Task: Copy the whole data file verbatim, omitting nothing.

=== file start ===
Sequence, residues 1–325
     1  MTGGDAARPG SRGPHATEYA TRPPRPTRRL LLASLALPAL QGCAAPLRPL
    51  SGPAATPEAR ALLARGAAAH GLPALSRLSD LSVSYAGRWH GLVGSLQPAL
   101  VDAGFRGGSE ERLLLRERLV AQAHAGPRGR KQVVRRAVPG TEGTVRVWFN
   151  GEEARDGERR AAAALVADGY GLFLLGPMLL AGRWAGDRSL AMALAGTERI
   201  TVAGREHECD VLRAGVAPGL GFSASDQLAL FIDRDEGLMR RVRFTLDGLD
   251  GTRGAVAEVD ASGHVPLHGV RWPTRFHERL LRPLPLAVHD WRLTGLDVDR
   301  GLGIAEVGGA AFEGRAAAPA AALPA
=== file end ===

Sequence, residues 1–325
     1  MTGGDAARPG SRGPHATEYA TRPPRPTRRL LLASLALPAL QGCAAPLRPL
    51  SGPAATPEAR ALLARGAAAH GLPALSRLSD LSVSYAGRWH GLVGSLQPAL
   101  VDAGFRGGSE ERLLLRERLV AQAHAGPRGR KQVVRRAVPG TEGTVRVWFN
   151  GEEARDGERR AAAALVADGY GLFLLGPMLL AGRWAGDRSL AMALAGTERI
   201  TVAGREHECD VLRAGVAPGL GFSASDQLAL FIDRDEGLMR RVRFTLDGLD
   251  GTRGAVAEVD ASGHVPLHGV RWPTRFHERL LRPLPLAVHD WRLTGLDVDR
   301  GLGIAEVGGA AFEGRAAAPA AALPA